Sliding doors run along two tracks: one at the top of the door and one at the bottom. Small wheels or bearings sit at the top and the bottom of the door that slide along the track, making the door move easily. Over time, your old doors may need replacing due to wear and tear. You may even have old sliding glass doors that have only a single pane of glass, making them less energy-efficient than new models.
Remove the trim from the old door by prying it off with a pry bar. Remove all stops and trim to make the old doorway as light as possible. Remove both the interior and exterior trim.
Remove the screws that hold the door frame into the rough opening. Remove all the old nails then tap the frame with a hammer to loosen it from the rough opening. Lift the frame out of the door.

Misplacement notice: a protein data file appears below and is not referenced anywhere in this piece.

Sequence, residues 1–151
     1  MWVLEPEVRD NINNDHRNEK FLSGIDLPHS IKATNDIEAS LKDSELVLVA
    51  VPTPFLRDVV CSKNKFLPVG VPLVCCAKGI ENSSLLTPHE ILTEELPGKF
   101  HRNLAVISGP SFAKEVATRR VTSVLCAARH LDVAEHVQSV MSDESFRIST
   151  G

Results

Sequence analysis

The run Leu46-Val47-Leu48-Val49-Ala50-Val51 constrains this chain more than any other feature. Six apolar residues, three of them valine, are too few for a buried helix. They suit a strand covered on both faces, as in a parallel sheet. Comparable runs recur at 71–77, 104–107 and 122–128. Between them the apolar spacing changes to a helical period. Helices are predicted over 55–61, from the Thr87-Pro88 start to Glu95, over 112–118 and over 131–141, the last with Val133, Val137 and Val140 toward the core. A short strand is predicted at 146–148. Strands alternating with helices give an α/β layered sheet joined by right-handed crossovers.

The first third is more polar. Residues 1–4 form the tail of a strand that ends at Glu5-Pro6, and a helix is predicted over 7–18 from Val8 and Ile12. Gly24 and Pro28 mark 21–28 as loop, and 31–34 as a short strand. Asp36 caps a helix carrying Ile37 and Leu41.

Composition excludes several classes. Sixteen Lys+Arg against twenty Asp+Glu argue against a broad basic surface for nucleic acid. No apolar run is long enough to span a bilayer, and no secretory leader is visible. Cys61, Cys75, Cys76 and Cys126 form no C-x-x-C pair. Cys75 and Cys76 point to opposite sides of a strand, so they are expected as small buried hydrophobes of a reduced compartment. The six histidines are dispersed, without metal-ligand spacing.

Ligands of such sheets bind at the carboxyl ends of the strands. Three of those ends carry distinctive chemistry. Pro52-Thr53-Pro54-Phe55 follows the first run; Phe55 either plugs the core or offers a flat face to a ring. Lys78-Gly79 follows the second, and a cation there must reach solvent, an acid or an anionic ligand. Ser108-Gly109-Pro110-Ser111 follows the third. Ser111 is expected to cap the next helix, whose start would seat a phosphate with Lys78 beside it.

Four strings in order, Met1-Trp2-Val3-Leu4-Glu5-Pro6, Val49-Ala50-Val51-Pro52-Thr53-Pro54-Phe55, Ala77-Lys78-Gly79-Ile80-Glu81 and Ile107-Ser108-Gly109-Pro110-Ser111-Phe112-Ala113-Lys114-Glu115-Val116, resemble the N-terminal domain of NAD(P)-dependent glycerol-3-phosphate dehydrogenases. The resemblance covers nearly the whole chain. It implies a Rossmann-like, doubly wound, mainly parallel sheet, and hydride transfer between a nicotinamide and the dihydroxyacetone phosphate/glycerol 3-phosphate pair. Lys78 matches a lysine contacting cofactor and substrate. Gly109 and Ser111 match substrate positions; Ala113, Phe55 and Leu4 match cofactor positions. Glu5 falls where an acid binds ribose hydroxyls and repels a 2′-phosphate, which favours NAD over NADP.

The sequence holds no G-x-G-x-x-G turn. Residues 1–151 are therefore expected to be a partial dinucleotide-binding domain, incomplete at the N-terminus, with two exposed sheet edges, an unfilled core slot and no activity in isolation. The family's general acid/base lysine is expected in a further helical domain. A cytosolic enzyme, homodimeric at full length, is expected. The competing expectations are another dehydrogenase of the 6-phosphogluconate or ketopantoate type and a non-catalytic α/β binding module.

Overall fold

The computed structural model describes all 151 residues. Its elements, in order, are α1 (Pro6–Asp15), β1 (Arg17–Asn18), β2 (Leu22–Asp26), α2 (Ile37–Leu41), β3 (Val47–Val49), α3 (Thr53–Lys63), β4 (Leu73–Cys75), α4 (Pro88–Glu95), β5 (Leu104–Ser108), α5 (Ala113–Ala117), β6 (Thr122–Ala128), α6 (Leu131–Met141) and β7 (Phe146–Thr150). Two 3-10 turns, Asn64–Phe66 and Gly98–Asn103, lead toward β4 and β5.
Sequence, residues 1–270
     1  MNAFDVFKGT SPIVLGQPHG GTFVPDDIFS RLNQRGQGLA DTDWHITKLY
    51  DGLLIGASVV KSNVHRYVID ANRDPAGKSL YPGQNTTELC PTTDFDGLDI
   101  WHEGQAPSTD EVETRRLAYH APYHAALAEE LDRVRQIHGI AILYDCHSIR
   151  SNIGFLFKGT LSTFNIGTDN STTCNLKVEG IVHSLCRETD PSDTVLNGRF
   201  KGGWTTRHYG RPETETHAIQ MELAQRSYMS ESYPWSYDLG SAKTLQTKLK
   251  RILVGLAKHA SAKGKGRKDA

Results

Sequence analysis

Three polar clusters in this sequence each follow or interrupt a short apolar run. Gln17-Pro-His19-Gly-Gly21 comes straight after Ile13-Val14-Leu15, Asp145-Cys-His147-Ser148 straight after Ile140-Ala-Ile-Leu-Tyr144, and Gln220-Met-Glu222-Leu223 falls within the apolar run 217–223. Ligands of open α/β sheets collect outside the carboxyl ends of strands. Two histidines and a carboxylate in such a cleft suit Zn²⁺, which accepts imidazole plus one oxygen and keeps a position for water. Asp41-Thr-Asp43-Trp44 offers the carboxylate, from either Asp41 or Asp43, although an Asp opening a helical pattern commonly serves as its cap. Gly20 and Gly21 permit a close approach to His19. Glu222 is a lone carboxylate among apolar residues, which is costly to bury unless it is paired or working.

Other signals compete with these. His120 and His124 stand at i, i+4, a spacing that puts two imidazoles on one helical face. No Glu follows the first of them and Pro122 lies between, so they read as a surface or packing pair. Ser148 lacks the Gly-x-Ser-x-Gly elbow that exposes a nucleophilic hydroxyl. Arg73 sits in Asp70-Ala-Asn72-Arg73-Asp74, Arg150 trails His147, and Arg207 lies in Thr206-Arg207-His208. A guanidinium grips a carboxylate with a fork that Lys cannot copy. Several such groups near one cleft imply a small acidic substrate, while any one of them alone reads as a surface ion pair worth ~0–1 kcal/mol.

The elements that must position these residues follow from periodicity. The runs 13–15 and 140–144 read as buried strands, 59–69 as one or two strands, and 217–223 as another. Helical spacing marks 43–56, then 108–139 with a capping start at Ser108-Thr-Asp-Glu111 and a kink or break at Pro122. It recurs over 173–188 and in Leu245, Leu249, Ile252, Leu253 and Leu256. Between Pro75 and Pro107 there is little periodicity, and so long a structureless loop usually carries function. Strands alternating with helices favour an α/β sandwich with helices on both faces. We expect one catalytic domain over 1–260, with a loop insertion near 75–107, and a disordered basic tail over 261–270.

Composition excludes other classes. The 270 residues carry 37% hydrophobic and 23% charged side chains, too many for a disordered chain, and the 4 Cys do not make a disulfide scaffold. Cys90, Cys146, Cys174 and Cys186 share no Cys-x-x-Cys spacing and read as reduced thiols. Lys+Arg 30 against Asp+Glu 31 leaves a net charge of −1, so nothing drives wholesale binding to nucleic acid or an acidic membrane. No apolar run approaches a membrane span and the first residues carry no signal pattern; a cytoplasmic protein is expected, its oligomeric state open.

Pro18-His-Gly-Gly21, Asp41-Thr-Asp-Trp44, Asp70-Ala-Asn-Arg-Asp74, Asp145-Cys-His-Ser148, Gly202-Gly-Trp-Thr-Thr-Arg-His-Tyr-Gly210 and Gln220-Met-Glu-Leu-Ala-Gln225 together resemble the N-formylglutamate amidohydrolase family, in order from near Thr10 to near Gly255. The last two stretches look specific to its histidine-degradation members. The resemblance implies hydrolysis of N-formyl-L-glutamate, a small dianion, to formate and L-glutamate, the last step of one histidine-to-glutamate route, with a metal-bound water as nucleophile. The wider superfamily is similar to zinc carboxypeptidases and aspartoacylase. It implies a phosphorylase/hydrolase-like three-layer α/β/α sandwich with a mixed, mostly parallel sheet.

Check the rough opening with a carpenter's level to see if the area is plumb. Pound in sawn pieces of plywood to make it even, if you find the rough opening to be uneven.
Run foil-backed tape along the sill to make it watertight if the sliding door is going into the exterior of the home.
Run three bands of waterproof silicon along the sill of the door. Place the bottom of the door frame in place and slowly lift the door frame up until it is secure.
Slide frame studs between the rough opening and the frame of the sliding door, and use the level to even out the door in the rough opening. Nail the studs into place once the frame is even.
Screw the door frame into the opening using the package instructions. Add the trim according to the instructions using 8d finishing nails.
Lift the door into the frame by placing the bottom of the door onto the track and lifting up into place. The wheels will pop into the track, locking it in. Remove any stickers from the door.
Replace framing boards that show any signs of rot or water damage.